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Tom Knight

Tom Knight grew up on Mersea Island on the Essex coast, where he returned to live after having children of his own. Having grown up on a small farm, Tom spent most of his time using his imagination to create new worlds from the hedgerows and haystacks.

After an enjoyable stint as a graphic designer, Tom is now proud to be using his imagination as a full time career. Drawing on a long and abiding love of imagery from childrens literature, Tom has worked for a diverse range of publishers, including Little Tiger Press, Templar, Simon and Schuster, Scholastic and Macmillan. He has also turned his hand to authoring his own titles and is the author and illustrator for the ‘Good Knight, Bad Knight’ books and ‘Jimmy Finnigan’s Wild Wood Band’.

He does all this from a poorly temperature-controlled studio in the garden, where he is constantly distracted by the greedy birds that hang out by the feeder outside his window.

Tom Knight is represented by Susan Penny — to work with Tom please email Susan


“As the title states, this book has a lot of rules and if listeners don’t follow them, they’ll be gobbled up by Dennis, a horned, hairy purple beast (who, despite his size and tusks, is entirely unintimidating). Fortunately, the rules are pretty easy, starting with sitting down and sitting up straight and then getting silly with mooing like a cow or making fish faces. It becomes tricky when there’s no smiling allowed, but eventually viewers get to settle down again with some focused breathing—though Dennis still needs to be fed (luckily, he’s content to just eat the book, not the kids). Dennis is instantly endearing as he lumbers through the pages with futile attempts to seem scary while the unseen narrator continues to threaten listeners with his insatiable hunger, a humorous juxtaposition that will surely elicit some giggles. This is a ready-made storytime that would work particularly well with library newbies, and the book’s diverse set of youngsters make excellent rule-following models for any kid needing a bit of instruction in guided play.” - The Bulletin of the Center for Children’s Books on ‘The Book of Rules’, illustrated by Tom Knight, written by Brian Gehrlain, published by Farrar, Straus and Giroux.

“This latest entry in the “First Names” series covers Ferdinand Magellan’s life (1480–1521), from his boyhood in Portugal to his death in the Philippines. Gourlay provides plenty of engaging action scenes and historical facts but also discusses the impact his conquests had on the Native and Indigenous populations of the lands he visited. Knight’s illustrations are often accompanied by dialogue or captions, which allow readers to visualize certain parts of the story. Maps, time lines, and a glossary help to make the sometimes complex route of Magellan’s voyages more understandable. The main points of sections are often summarized in a separate font, which note-taking students are sure to appreciate. VERDICT: A modern, engaging biography that is a strong buy for classes or libraries needing to support research projects or students interested in world history.” - Review of First NamesL Ferdinand Magellan written by Candy Gourlay, published by Abrams.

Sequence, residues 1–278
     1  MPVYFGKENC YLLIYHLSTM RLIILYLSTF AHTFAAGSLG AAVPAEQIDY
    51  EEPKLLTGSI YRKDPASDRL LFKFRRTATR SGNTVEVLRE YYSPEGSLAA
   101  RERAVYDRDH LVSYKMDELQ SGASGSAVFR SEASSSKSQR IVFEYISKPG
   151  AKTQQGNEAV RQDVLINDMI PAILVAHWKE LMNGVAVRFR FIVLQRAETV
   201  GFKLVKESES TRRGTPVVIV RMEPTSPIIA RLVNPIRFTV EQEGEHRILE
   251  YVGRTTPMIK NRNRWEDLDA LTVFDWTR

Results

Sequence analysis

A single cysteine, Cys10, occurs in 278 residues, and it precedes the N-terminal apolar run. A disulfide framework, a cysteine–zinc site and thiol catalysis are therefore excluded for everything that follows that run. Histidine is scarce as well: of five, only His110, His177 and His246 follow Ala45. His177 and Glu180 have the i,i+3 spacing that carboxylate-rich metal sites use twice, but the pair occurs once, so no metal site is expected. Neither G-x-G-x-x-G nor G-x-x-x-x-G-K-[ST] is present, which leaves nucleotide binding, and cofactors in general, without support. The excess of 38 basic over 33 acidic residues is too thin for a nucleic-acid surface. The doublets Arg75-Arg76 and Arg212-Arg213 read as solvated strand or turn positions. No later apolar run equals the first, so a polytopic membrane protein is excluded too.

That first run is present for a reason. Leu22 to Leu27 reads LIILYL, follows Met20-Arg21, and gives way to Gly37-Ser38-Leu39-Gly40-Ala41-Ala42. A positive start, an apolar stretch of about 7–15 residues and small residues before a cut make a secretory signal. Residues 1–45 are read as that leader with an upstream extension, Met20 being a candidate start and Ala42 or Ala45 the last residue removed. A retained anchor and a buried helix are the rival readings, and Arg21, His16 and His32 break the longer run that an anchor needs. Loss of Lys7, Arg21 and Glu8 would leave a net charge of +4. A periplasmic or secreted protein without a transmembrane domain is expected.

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Shortlisted for the Teach Primary Book Awards 2020 with ‘Good Knight, Bad Knight: The Flying Machine’, published by Templar Books.

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‘Good Knight, Bad Knight and the Flying Machine’ (Templar) picked as The Times Children’s Book of the Week May 17th.

‘This is the third book in a series called Good Knight, Bad Knight, written and illustrated by Tom Knight and published by Templar, which sounds unlikely, and certainly the setting of this funny, anachronistic fantasy is. It is the Dark Ages, except children go to school and wear glasses, and there are magic spells and dragons. Barbarians clean their armpits with damp fish. The silliness is a cut above, not least because the author is also a skilled cartoonist. Cousins Godwin (Good Knight) and Berk (Bad Knight) are involved with their friends in a plan to build a flying machine to attack the barbarians. The barbarians have meanwhile decided’ - Nicolette Jones

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